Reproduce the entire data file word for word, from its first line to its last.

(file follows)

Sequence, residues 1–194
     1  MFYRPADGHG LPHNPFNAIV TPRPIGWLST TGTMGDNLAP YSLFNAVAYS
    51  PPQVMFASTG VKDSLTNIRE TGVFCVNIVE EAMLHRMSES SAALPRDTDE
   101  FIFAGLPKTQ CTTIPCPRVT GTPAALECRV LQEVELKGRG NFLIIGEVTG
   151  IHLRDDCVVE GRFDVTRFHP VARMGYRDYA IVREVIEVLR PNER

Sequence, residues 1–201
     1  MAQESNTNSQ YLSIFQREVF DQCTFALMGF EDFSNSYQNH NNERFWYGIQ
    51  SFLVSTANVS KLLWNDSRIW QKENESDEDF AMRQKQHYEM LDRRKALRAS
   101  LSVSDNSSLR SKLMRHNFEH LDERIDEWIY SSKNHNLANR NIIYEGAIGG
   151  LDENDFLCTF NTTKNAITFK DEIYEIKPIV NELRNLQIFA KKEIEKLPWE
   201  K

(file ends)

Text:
Sequence, residues 1–194
     1  MFYRPADGHG LPHNPFNAIV TPRPIGWLST TGTMGDNLAP YSLFNAVAYS
    51  PPQVMFASTG VKDSLTNIRE TGVFCVNIVE EAMLHRMSES SAALPRDTDE
   101  FIFAGLPKTQ CTTIPCPRVT GTPAALECRV LQEVELKGRG NFLIIGEVTG
   151  IHLRDDCVVE GRFDVTRFHP VARMGYRDYA IVREVIEVLR PNER

Sequence, residues 1–201
     1  MAQESNTNSQ YLSIFQREVF DQCTFALMGF EDFSNSYQNH NNERFWYGIQ
    51  SFLVSTANVS KLLWNDSRIW QKENESDEDF AMRQKQHYEM LDRRKALRAS
   101  LSVSDNSSLR SKLMRHNFEH LDERIDEWIY SSKNHNLANR NIIYEGAIGG
   151  LDENDFLCTF NTTKNAITFK DEIYEIKPIV NELRNLQIFA KKEIEKLPWE
   201  K